As a war rages on in the province of Bougainville in Papua New Guinea, a young girl becomes transfixed by the Charles Dickens novel Great Expectations, which is being read at school by the only white man in the village.
Mr Watts is the only white man left on the island after the blockade. He opens the school and introduces the children the 'Great Expectations.' Matilda, the teenage narrator finds comfort in the story of a Victorian orphan when her own world is falling apart. The Redskins, an army sent to destroy the local rebels are getting closer. Matilda writes 'Pip' in the sand. This simple act leads to terrible consequences when the Redskins suspect Pip to be a rebel leader and demand he be brought before them. Written by
Based of the award winning book Mister Pip by Lloyd Jones See more »
I know you kids have been hearing some story from Mr Watts, but I'm here to tell you that stories have a job to do. They can't just lie around like lazybone dogs. They have to teach you something. That's why I brought a book... the Good Book.
[holds up the Bible]
When the missionaries came, they taught us to believe in God. But when we asked to see God, they wouldn't introduce him to us. So many people prefer to live by the wisdom of the crabs and the firefish that is shaped like the Southern ...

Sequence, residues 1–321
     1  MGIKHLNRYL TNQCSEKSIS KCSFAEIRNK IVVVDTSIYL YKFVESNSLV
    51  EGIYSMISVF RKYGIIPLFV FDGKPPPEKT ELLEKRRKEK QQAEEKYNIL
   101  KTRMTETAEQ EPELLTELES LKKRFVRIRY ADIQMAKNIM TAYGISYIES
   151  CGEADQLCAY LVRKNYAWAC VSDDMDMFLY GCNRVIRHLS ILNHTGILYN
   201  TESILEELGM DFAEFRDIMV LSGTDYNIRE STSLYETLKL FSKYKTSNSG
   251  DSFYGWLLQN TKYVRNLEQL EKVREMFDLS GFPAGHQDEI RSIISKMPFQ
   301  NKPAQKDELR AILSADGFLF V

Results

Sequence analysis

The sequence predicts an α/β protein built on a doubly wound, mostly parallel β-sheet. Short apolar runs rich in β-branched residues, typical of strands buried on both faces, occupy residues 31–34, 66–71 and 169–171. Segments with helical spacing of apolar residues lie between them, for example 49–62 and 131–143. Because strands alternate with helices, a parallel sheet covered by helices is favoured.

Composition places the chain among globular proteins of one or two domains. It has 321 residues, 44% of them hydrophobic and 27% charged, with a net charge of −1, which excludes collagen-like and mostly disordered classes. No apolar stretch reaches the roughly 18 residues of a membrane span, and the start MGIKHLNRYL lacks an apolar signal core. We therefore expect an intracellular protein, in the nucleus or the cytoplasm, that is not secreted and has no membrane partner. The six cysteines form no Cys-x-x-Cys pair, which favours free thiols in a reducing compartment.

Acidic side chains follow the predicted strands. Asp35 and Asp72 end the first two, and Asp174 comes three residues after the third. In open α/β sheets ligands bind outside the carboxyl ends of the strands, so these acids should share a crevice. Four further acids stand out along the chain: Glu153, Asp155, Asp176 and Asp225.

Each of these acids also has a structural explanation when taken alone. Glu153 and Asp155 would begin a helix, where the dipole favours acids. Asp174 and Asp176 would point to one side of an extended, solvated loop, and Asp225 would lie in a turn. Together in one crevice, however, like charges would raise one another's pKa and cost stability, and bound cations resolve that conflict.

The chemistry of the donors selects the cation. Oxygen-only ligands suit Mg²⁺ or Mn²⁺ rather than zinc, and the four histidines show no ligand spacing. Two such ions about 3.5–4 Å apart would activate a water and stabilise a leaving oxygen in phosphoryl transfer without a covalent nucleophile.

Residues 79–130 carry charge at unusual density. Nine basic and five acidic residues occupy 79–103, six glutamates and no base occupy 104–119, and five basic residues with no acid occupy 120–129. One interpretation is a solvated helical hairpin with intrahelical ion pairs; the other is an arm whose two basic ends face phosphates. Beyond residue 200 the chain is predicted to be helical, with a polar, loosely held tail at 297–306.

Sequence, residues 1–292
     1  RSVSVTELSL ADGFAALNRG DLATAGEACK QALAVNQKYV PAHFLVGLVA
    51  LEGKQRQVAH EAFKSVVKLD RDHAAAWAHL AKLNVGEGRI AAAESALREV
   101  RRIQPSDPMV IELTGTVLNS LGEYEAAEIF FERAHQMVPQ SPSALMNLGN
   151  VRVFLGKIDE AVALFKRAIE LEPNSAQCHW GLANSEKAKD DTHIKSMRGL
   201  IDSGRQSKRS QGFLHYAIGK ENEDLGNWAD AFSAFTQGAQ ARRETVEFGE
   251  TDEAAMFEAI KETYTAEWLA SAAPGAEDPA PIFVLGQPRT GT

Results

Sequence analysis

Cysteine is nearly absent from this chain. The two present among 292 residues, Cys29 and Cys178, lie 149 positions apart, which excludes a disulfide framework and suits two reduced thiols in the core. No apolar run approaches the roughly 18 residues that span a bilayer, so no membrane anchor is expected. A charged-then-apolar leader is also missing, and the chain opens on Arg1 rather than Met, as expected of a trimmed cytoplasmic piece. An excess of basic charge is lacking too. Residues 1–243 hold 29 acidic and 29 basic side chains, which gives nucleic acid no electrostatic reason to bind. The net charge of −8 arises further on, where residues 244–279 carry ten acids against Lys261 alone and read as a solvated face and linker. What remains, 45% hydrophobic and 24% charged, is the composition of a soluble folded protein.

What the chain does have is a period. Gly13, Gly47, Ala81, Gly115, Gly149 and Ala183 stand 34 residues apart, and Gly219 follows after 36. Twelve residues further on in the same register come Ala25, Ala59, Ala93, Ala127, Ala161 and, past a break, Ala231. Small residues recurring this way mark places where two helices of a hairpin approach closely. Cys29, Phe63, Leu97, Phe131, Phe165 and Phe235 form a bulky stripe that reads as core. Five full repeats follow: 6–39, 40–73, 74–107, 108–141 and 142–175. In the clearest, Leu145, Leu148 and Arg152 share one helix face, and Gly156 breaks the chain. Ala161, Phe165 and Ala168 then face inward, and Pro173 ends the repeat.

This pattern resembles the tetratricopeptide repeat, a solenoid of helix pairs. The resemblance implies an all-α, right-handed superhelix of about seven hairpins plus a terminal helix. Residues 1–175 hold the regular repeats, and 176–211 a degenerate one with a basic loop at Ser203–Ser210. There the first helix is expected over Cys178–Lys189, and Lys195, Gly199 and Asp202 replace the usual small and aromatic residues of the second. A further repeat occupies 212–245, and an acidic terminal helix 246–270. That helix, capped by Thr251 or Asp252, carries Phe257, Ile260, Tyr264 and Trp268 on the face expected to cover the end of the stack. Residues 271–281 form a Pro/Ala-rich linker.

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When I first read what this movie was about, I wasn't quite sure what to think about it. Then, from the very beginning, I didn't have to think as I truly FELT every word, every victory, every cruel and unjust act. Hugh Laurie was absolutely fantastic as the teacher and only white man in the province of Bougainville in Papua New Guinea, where a war wages on over control of the world's largest open copper mine. It is he who introduces the children to Charles Dickens' novel, Great Expectations. As skilled as Laurie is, the real star of this movie is young Xzannjah Matsi as Matilda. She becomes totally enthralled with the novel and fantasizes herself as part of it. There is great beauty in this movie -- the relationship between teacher and student, the tropical scenery, etc. However, as unsettling as it is, there is also great tragedy and violence as one would imagine. What is truly commendable is the way this director has interwoven the two. I highly recommend this thought-provoking, well-acted, and well-written movie. It will stay with you long after the last scene is over.
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